A pathogen?s ability to adapt to different environments is an important factor in its survival, infection, and persistence within its host. As a strict human pathogen, Streptococcus pyogenes (Group A Streptococcus, GAS) causes over 500,000 deaths annually. Even though it commonly manifests as superficial infections (e.g. strep throat), GAS also causes life-threatening diseases (e.g. necrotizing fasciitis, toxic shock syndrome) when it invades normally sterile tissues from initial sites of infection. It is imperative to gain a better understanding of GAS pathophysiology and the genetic requirements it needs to infect varying host environments. Our lab performed an in vivo transposon sequencing (Tn-seq) screen in a clinically relevant M1T1 5448 GAS strain to define the genetic requirements needed for GAS fitness in the subepithelial tissue, where we found a previously uncharacterized locus (scfCDE) to be essential for this environment. Based on homology alone, scfCDE are predicted to encode for a putative ABC importer. Because the locus has not been experimentally examined before, this proposal will explore the functional roles of scfCDE in GAS cellular pathways and virulence, hypothesizing that scfCDE encode membrane-associated proteins that play integral roles in GAS fitness in host tissue, importing a substrate into the cell important for GAS pathophysiology. This study will examine the scfCDE locus for phenotypes in nutrient utilization and in stress-induced environments to identify potential substrates these proteins may transport, explore its genetic architecture, expression, and regulation of the operon, and lastly, explore whether scfCDE are important for colonization, growth in human blood, and innate immune evasion using established in vivo and ex vivo models of GAS infection. Since scfCDE are conserved in GAS and other Firmicutes, successful completion of this project will potentially contribute to the development of novel therapeutic strategies against GAS and other important Gram+ pathogens.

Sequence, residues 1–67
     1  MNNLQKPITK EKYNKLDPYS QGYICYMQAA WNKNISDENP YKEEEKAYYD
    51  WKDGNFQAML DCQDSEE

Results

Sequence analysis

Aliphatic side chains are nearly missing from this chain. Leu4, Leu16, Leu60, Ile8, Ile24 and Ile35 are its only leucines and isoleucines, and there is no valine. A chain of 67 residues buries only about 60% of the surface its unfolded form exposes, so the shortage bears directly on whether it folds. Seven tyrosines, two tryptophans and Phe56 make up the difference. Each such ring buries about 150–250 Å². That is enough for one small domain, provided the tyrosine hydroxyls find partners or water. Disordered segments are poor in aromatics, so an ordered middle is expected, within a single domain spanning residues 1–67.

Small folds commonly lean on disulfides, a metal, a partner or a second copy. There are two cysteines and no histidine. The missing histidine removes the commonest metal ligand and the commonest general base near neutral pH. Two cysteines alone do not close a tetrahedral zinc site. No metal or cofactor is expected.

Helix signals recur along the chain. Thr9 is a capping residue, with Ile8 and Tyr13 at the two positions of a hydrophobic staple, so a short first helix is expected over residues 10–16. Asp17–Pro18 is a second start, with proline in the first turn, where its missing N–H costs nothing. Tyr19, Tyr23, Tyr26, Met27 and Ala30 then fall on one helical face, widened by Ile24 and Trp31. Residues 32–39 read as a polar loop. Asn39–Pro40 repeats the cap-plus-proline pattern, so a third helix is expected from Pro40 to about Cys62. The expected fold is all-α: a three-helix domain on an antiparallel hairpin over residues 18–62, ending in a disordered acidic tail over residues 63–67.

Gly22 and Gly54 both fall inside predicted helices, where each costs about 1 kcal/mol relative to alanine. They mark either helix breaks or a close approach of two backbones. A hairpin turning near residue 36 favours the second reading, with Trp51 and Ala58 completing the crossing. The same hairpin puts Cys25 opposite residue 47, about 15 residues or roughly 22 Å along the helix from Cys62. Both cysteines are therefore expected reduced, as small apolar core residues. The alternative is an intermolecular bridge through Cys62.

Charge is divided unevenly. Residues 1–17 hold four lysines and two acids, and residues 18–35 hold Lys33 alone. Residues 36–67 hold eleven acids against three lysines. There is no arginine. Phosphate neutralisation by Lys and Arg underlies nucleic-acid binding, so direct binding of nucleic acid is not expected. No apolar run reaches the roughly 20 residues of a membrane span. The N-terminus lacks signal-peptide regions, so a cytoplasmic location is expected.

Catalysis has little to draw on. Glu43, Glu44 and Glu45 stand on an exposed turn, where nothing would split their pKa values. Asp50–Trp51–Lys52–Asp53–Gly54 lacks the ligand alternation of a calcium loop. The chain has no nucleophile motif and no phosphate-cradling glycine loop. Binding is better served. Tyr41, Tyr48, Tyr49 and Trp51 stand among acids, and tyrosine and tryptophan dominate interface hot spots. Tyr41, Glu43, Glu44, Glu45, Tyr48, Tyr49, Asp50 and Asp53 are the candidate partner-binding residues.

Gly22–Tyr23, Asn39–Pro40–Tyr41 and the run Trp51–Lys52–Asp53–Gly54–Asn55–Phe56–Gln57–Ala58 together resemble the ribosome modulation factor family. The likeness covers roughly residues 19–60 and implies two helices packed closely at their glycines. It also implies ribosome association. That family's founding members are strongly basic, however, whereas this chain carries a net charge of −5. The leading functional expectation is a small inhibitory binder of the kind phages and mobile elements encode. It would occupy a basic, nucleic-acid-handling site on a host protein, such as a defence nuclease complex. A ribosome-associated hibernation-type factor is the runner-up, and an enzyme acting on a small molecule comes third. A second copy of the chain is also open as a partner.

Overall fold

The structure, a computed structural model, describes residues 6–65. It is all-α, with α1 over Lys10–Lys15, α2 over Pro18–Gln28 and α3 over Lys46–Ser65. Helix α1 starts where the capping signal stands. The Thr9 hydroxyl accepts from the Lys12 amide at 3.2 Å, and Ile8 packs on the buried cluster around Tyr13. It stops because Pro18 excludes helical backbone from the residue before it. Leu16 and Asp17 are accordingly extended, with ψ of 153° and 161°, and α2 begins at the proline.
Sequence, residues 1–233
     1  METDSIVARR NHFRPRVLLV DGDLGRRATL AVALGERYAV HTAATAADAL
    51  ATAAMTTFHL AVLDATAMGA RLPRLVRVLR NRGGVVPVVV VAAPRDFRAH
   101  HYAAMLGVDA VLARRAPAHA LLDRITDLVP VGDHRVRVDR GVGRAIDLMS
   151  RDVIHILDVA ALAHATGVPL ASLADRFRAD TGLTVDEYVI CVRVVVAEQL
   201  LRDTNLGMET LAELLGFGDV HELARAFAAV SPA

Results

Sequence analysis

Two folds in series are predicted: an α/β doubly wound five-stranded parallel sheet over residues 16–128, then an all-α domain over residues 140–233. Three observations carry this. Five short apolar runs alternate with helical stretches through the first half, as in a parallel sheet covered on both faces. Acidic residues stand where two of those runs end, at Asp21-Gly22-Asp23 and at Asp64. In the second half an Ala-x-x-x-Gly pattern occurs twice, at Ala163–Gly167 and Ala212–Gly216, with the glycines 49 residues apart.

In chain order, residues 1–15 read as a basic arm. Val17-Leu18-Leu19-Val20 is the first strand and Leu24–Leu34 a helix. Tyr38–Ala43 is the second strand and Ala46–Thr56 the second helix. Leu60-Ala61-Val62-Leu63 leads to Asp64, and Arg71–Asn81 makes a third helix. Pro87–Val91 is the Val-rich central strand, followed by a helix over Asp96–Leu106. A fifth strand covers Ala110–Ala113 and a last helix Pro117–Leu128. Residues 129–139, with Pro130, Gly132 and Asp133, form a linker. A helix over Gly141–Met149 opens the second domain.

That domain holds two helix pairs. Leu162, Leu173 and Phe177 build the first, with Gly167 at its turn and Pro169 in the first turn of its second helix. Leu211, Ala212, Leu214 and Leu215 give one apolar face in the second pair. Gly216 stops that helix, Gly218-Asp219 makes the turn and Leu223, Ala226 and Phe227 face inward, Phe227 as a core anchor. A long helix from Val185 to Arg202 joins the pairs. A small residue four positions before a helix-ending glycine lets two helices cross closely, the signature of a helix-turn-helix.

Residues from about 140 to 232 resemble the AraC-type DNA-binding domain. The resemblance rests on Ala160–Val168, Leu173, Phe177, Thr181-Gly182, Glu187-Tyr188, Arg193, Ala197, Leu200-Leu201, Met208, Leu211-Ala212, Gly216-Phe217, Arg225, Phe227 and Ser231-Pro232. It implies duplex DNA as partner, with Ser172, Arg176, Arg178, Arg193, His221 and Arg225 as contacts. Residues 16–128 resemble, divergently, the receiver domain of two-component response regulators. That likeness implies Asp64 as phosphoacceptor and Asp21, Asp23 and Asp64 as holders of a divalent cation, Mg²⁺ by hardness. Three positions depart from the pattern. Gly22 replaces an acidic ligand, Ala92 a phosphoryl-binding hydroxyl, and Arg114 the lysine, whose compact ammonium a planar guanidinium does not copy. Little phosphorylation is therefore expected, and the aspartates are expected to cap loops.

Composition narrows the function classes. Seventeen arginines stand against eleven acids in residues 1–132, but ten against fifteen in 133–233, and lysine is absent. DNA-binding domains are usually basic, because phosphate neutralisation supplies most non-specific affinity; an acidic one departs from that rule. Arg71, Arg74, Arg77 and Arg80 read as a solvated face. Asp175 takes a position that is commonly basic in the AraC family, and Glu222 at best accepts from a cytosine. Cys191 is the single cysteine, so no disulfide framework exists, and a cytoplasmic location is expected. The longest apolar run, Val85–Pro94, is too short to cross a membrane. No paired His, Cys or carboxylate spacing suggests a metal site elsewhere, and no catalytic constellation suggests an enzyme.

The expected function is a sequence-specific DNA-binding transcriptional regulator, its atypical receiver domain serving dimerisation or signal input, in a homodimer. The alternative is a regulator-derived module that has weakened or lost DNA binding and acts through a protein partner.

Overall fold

The Group A Streptococcus (GAS) is a strict human pathogen that has the ability to infect diverse host tissues and cause a wide range of diseases, from superficial infections (e.g. pharyngitis, impetigo) to invasive life-threatening infections (e.g. necrotizing fasciitis, toxic shock). It is imperative to gain a better understanding of GAS and the mechanisms it utilizes to adapt and persist during infection at varying host tissues. This proposal seeks to functionally define a previously uncharacterized locus, scfCDE, found to be important for GAS subepithelial tissue infection and identify its roles during GAS growth and in other infection environments to help resolve the complexity of GAS pathophysiology.